Relationship Between Gait Mechanics and the Speed of the Trot in the Weimaraner Dog Breed

Document Type


Publication Title

Topics in Companion Animal Medicine


While the size of the Weimaraner may assist in the breed performing the tasks of a sporting dog, the large size coupled with these tasks may also make the breed more susceptible to orthopedic issues. The understanding of the normal gait mechanics of the Weimaraner can be a useful tool in examining for gait abnormalities associated with these orthopedic issues, and yet, research concerning breed-specific gaits in the canine is limited. Therefore, study objectives were to define the normal Weimaraner trotting kinematics and determine the influence of speed on these parameters. Markers were attached to palpation points on the limbs and head of American Kennel Club registered Weimaraners. Dogs were tracked while performing a slow (1.2-1.7 m/s) and fast (1.9-2.3 m/s) trotting speed. Frame-by-frame analysis was performed. Paw ground contact and lift-off was documented and marker displacement was tracked. At both speeds, the trot had a diagonal footfall sequence with diagonal limb pairing alternating between diagonal bipedal support and suspension. The faster speed was achieved with significant increases in stride length and displacements of the head, withers, and fore and hind paws (P <.05). Range of motion of the elbow and hip significantly increased as the dog transitioned from a slow to fast speed (P <.05). Through gait analysis, the Weimaraner trot was defined as a 2-beat diagonal rhythm gait with suspension. Speed did not change these characteristics, but did influence stride length and linear and angular displacements, and thus, should be a consideration in clinical examination.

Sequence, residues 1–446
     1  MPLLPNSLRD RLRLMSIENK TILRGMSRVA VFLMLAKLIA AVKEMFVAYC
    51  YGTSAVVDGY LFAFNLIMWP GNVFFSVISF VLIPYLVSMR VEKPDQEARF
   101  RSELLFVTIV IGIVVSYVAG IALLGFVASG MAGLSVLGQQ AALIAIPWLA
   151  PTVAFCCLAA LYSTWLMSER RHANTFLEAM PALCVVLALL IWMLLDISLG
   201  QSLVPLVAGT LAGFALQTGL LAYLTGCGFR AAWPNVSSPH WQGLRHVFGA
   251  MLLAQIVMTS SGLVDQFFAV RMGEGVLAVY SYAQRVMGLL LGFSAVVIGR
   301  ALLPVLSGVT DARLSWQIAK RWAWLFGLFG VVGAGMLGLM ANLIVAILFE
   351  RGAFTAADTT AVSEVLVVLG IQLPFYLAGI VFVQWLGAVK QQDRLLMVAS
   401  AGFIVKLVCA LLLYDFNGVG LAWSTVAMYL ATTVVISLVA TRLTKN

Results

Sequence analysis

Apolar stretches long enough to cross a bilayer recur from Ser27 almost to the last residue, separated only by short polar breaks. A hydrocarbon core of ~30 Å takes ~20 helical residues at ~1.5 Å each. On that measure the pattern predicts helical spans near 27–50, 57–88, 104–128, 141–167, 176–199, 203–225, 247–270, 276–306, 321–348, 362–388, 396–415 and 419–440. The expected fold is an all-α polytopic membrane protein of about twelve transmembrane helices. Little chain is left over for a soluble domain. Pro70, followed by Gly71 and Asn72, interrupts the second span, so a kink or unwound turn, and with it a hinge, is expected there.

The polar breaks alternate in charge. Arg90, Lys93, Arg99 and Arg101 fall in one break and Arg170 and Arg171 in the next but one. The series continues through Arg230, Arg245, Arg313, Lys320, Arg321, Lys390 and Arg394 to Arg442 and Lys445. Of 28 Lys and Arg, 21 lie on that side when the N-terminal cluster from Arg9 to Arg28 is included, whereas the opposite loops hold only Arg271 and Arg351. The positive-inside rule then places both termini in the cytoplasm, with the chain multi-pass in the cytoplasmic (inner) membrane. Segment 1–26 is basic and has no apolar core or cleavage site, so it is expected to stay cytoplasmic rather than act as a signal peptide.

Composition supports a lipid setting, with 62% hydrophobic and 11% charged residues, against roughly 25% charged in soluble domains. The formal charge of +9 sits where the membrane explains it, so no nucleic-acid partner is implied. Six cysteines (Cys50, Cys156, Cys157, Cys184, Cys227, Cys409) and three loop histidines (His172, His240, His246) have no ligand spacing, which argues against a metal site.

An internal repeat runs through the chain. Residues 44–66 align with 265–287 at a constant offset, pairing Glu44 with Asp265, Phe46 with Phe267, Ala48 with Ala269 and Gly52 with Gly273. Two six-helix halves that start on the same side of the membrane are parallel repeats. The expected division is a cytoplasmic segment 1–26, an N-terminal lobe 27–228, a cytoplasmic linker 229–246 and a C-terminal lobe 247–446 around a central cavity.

First Page


Last Page




Publication Date


This document is currently not available here.